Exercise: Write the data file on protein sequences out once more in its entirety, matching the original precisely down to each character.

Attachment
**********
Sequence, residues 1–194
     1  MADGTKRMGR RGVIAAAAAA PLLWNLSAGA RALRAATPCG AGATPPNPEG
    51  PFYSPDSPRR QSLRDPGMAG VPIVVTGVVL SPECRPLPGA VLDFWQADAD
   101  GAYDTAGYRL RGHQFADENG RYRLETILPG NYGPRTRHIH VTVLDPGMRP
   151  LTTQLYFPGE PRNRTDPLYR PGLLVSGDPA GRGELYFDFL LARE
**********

Sequence, residues 1–194
     1  MADGTKRMGR RGVIAAAAAA PLLWNLSAGA RALRAATPCG AGATPPNPEG
    51  PFYSPDSPRR QSLRDPGMAG VPIVVTGVVL SPECRPLPGA VLDFWQADAD
   101  GAYDTAGYRL RGHQFADENG RYRLETILPG NYGPRTRHIH VTVLDPGMRP
   151  LTTQLYFPGE PRNRTDPLYR PGLLVSGDPA GRGELYFDFL LARE